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kylemeister
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Re: Stonewall Attack
Reply #5 - 05/24/17 at 03:54:46
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ReneDescartes wrote on 05/24/17 at 03:12:24:
If Black plays ...Nf6, ...d5, ...c5, ...Nc6, ...Bg4 and ...e6 (idea Bf5), White can equalize with careful play. This is how Kramnik, Kamsky, and Nepo handled the position as Black. Also recommended by Cox and Avrukh.


Incidentally that approach goes back a way.  In the 1970s Bagirov basically gave 1. d4 d5 2. e3 Nf6 3. Bd3 c5 4. c3 Nc6 5. f4 Bg4 6. Nf3 e6 7. 0-0 Bd6 8. Qe1 0-0 9. Ne5 Bf5! =+, citing Pachman.  Among more recent authors, Rizzitano also chose it for his QGA repertoire book.
  
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ReneDescartes
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Re: Stonewall Attack
Reply #4 - 05/24/17 at 03:12:24
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If Black plays ...Nf6, ...d5, ...c5, ...Nc6, ...Bg4 and ...e6 (idea Bf5), White can equalize with careful play. This is how Kramnik, Kamsky, and Nepo handled the position as Black. Also recommended by Cox and Avrukh.

  
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Re: Stonewall Attack
Reply #3 - 05/23/17 at 02:26:39
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TD wrote on 05/20/17 at 09:06:24:
Last night I surprised my opponent by playing the Stonewall Attack (d4, c3, e3, f4 etc.). Does anybody have (much) experience with this system? Comments? IM- or GM-specialists? Literature?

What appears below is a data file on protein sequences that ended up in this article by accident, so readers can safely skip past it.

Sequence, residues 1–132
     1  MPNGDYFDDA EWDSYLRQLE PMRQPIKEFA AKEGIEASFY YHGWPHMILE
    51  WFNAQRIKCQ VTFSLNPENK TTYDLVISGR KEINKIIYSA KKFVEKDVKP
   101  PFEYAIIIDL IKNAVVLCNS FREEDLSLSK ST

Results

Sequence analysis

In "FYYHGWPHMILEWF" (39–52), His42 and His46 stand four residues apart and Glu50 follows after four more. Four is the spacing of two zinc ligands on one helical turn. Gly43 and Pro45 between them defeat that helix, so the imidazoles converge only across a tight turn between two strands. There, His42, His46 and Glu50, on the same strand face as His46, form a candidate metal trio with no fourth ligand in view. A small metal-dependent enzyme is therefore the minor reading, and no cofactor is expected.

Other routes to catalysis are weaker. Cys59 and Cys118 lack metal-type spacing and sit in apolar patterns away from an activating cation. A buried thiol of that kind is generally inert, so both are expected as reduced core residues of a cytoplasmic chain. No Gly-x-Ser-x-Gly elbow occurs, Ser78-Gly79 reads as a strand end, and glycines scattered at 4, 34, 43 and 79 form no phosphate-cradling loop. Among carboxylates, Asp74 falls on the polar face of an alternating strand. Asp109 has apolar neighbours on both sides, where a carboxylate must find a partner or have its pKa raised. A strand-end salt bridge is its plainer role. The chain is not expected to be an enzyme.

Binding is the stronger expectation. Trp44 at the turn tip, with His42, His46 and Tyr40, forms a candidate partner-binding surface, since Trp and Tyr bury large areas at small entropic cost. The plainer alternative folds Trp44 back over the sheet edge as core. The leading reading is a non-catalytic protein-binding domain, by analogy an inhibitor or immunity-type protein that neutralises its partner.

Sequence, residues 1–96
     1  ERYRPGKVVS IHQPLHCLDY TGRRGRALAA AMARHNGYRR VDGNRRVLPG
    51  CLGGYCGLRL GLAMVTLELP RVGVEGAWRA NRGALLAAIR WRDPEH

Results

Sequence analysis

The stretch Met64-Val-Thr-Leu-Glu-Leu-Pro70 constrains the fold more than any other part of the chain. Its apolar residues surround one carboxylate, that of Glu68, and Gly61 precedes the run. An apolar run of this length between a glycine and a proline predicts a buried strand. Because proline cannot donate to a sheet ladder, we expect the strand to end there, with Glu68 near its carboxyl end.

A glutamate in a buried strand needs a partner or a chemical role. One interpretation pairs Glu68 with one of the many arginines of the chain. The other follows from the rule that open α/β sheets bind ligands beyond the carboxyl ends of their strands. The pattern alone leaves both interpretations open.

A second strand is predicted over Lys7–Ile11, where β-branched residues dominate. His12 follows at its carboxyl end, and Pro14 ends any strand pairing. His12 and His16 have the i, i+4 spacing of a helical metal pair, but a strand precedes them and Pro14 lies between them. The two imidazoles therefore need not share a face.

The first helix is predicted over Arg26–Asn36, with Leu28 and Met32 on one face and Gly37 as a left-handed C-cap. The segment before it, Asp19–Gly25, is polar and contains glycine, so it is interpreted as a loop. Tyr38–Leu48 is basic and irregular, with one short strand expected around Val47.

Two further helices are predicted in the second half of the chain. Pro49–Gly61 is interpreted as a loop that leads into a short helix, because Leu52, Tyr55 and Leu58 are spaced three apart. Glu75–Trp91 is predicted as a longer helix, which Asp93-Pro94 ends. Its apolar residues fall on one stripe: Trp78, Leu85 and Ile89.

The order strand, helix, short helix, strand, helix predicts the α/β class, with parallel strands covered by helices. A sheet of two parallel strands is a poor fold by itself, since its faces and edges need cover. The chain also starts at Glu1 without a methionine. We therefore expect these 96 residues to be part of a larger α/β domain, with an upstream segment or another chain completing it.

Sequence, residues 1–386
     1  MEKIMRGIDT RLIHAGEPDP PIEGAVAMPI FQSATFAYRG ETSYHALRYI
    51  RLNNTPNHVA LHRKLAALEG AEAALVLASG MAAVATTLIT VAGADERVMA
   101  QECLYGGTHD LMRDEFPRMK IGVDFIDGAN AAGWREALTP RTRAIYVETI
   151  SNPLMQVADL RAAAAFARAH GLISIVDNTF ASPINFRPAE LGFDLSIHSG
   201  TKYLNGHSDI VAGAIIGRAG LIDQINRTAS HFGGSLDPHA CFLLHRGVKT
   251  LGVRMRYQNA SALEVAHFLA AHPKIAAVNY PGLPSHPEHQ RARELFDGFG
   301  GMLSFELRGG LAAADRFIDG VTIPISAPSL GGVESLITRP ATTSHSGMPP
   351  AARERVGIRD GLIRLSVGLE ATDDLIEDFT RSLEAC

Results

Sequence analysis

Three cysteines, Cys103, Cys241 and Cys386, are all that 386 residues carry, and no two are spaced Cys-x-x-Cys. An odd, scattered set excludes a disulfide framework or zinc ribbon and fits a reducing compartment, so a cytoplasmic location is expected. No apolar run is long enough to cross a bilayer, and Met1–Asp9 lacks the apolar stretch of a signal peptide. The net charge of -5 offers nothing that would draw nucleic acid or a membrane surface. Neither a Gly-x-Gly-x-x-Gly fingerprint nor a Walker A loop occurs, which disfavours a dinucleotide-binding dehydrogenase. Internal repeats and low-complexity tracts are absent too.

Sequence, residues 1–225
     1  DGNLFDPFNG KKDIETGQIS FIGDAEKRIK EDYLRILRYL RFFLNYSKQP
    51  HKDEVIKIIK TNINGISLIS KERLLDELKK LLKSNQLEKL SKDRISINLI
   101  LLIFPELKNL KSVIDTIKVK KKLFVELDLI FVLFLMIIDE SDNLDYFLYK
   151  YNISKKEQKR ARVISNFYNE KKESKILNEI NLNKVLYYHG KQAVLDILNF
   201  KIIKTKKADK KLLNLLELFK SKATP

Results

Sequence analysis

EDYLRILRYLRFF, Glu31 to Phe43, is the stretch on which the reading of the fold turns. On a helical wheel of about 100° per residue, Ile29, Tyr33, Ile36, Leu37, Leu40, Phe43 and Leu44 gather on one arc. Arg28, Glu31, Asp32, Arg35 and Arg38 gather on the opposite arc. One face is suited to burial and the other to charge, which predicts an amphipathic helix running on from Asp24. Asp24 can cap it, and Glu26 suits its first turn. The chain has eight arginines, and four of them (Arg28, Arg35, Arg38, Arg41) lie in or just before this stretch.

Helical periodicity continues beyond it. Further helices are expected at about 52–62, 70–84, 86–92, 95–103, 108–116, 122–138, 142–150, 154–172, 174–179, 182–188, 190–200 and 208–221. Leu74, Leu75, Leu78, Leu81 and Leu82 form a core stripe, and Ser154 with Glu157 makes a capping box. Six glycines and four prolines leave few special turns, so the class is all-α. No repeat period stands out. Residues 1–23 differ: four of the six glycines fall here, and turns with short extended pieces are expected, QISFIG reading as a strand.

The Stonewall Attack Paperback  – 1993 - Andy Soltis (GM) 

Publishing date probably also reflects the last time a Master essayed this in tournament play.  Undecided
  

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Re: Stonewall Attack
Reply #2 - 05/21/17 at 22:34:11
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TD wrote on 05/20/17 at 09:06:24:
Does anybody have (much) experience with this system? Comments? IM- or GM-specialists?


I think the best response by Black is to play ..Nf6, .. Bg7, .. d6, .. Nbd7 (if needed) and aim for an early .. e5. It doesn't matter if it's a sacrifice as long as .. Ng4 can be played.

Although a tempo behind, abandoning the Stonewall and meeting that idea with e4 to get an Austrian Attack Pirc of sorts may be White's best.
  
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Re: Stonewall Attack
Reply #1 - 05/20/17 at 09:56:24
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TD wrote on 05/20/17 at 09:06:24:
Last night I surprised my opponent by playing the Stonewall Attack (d4, c3, e3, f4 etc.). Does anybody have (much) experience with this system? Comments? IM- or GM-specialists? Literature?


There was an article on Chess.com that i read sometime last year. May have been by Serper. Soltis had a book on it about 30 years ago, dont know any others since (unless covered in books on London system or Colle Zuketort which have similar attacks?)
  

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TD
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Stonewall Attack
05/20/17 at 09:06:24
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Last night I surprised my opponent by playing the Stonewall Attack (d4, c3, e3, f4 etc.). Does anybody have (much) experience with this system? Comments? IM- or GM-specialists? Literature?